NEW YORK (AP) — The Dow Jones Industrial Average surged to its best day since 1933 as Congress and the White House neared a deal on Tuesday to inject nearly $2 trillion of aid into an economy ravaged by the coronavirus.
The Dow rose 2,112.98 points, its biggest point gain in history, to 20,704.91, an 11.4% burst. The more closely followed S&P 500 index, much more important to most 401(k) accounts, rose 209.93—or 9.4%—to 2,447.33 for its third-biggest percentage gain since World War II. The Nasdaq composite jumped 557.18 points, or 8.1%, to 7,417.86.
A wave of buying circled the world, interrupting what has been a brutal month of near nonstop selling. South Korean stocks surged 8.6%, Germany’s market grew 11% and Treasury yields rose in a sign that investors feel less fearful.
Despite gains, investors were far from saying markets hit bottom. Rallies nearly as big have punctuated the last few weeks, and none lasted beyond a day.
The market has seen rebounds like this before, only to wash out again immediately. Since stocks began selling off on February 20, the S&P 500 has had six days of rising, with all but one representing big gains of over 4%. Afterward, stocks fell an average of 5% the next day.
Both Democrats and Republicans say they’re close to agreeing on a massive economic rescue package, which will include payments to households, aid for small businesses, and a travel industry bailout, among other things. A vote in the Senate could come later Tuesday or Wednesday.
Investors have waited in frustration for such aid, particularly as the Federal Reserve has done nearly all it can to sustain markets, including the latest round of extraordinary aid on Monday.
One of the things to be careful about is thinking this will be the panacea or that this fiscal response will be sufficient.Eric Freedman, Chief Investment Officer at U.S. Bank Wealth Management
Ultimately, investors say they need to see the number of new infections peak before markets can find a floor. The increasing spread is forcing companies to park airplanes, shut hotels, and close restaurants to dine-in customers.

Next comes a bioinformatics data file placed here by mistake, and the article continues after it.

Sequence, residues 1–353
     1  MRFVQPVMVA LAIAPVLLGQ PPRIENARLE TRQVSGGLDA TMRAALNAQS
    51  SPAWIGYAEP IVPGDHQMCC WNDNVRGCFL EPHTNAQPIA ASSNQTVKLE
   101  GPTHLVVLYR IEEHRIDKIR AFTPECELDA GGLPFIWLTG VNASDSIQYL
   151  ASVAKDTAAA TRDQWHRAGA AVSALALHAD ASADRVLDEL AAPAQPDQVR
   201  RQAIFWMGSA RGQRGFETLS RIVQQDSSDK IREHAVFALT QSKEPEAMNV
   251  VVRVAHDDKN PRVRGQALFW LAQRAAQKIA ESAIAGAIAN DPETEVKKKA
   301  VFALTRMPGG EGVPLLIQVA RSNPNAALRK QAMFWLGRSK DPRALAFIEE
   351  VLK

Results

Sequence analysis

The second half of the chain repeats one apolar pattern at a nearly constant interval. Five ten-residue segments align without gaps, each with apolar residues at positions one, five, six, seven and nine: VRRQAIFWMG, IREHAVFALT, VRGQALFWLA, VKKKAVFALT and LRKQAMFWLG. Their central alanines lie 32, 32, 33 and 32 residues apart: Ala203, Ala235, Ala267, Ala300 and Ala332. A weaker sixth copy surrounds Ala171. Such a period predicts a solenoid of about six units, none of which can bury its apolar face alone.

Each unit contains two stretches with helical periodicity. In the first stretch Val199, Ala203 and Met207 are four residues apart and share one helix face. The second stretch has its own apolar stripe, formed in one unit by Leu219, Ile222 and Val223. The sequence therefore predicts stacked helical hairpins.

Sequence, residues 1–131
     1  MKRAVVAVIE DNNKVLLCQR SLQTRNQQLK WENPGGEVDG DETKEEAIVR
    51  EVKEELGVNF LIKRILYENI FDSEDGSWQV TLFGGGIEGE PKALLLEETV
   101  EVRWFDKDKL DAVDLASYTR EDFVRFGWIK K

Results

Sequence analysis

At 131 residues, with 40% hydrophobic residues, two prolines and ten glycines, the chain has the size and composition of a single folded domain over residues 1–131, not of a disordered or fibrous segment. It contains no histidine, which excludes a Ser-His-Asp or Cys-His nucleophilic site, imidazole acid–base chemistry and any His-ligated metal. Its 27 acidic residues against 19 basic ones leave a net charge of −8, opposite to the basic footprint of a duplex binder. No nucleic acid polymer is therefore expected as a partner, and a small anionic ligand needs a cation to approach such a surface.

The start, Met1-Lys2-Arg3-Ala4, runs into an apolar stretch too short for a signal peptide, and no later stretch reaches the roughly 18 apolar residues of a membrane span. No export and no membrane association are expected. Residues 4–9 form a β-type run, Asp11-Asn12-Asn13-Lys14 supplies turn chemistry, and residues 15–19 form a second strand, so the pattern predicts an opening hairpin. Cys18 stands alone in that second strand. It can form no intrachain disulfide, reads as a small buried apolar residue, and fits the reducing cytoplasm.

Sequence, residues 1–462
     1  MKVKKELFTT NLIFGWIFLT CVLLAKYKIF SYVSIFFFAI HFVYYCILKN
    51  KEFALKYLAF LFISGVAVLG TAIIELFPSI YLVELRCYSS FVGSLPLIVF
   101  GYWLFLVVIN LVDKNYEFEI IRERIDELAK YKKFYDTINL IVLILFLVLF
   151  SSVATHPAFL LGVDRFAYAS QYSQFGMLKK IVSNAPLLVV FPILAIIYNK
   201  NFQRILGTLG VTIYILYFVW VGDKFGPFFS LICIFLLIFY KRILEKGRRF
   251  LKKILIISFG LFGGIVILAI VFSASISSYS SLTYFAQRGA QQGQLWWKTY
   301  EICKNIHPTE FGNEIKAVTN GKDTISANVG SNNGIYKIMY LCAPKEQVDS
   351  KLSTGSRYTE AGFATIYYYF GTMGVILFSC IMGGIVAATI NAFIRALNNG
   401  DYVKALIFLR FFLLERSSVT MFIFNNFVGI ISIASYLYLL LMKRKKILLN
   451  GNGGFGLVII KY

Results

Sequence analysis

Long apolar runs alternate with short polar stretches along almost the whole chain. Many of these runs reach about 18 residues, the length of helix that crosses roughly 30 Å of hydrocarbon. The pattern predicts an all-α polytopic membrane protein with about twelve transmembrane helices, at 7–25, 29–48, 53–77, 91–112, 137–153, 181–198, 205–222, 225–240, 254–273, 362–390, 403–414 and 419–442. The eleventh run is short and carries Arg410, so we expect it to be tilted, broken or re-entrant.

Economists are topping each other’s dire forecasts for how much the economy will shrink this spring due to closed businesses, and a growing number say a recession seems inevitable.
Governments and central banks in other countries around the world are unveiling unprecedented levels of support for their economies in an attempt to limit the scale of the upcoming virus-related slump. Germany, a bastion of budgetary discipline, also approved a big fiscal boost.
The gains came even as early reports showed how badly the outbreak hit the global economy. A preliminary reading on American business activity in March showed the steepest contraction since 2009. Reports were also gloomy for Europe.
“Everyone was prepared for a set of shockers, and that is precisely what we got, but they are not a surprise,” says Chris Beauchamp, chief market analyst at IG. “It is at times like this that the market’s propensity to look forward is demonstrated most effectively.”
Norwegian Cruise Lines, MGM Resorts, and American Airlines Group were all up at least 33%. Energy companies and banks were also strong, though all remain well below where they were a month ago.
More dour data is nearly assuredly on the way. On Thursday, economists anticipate a report to show that jobless Americans are applying for unemployment in record numbers. Amid a wave of layoffs, some say the number could far exceed a million, topping the prior record of 695,000 set in 1982.
Helping to lift sentiment in markets is news from China—that it is preparing to lift the lockdown in Wuhan, the origin of the outbreak—and Italy—reporting decreases in new cases and coronavirus-related deaths.
“It’s still early days, of course—perhaps investors can start to envisage life beyond the coronavirus,” says Craig Erlam, senior market analyst at OANDA Europe. “That could make stocks look a little more attractive, although anyone jumping back in now will need to have nerves of steel.”
For most people, the coronavirus causes only mild or moderate symptoms, such as fever and cough. Those with mild illness recover in about two weeks. Severe illness including pneumonia can occur, especially in the elderly and people with existing health problems. Recovery could take six weeks in such cases.
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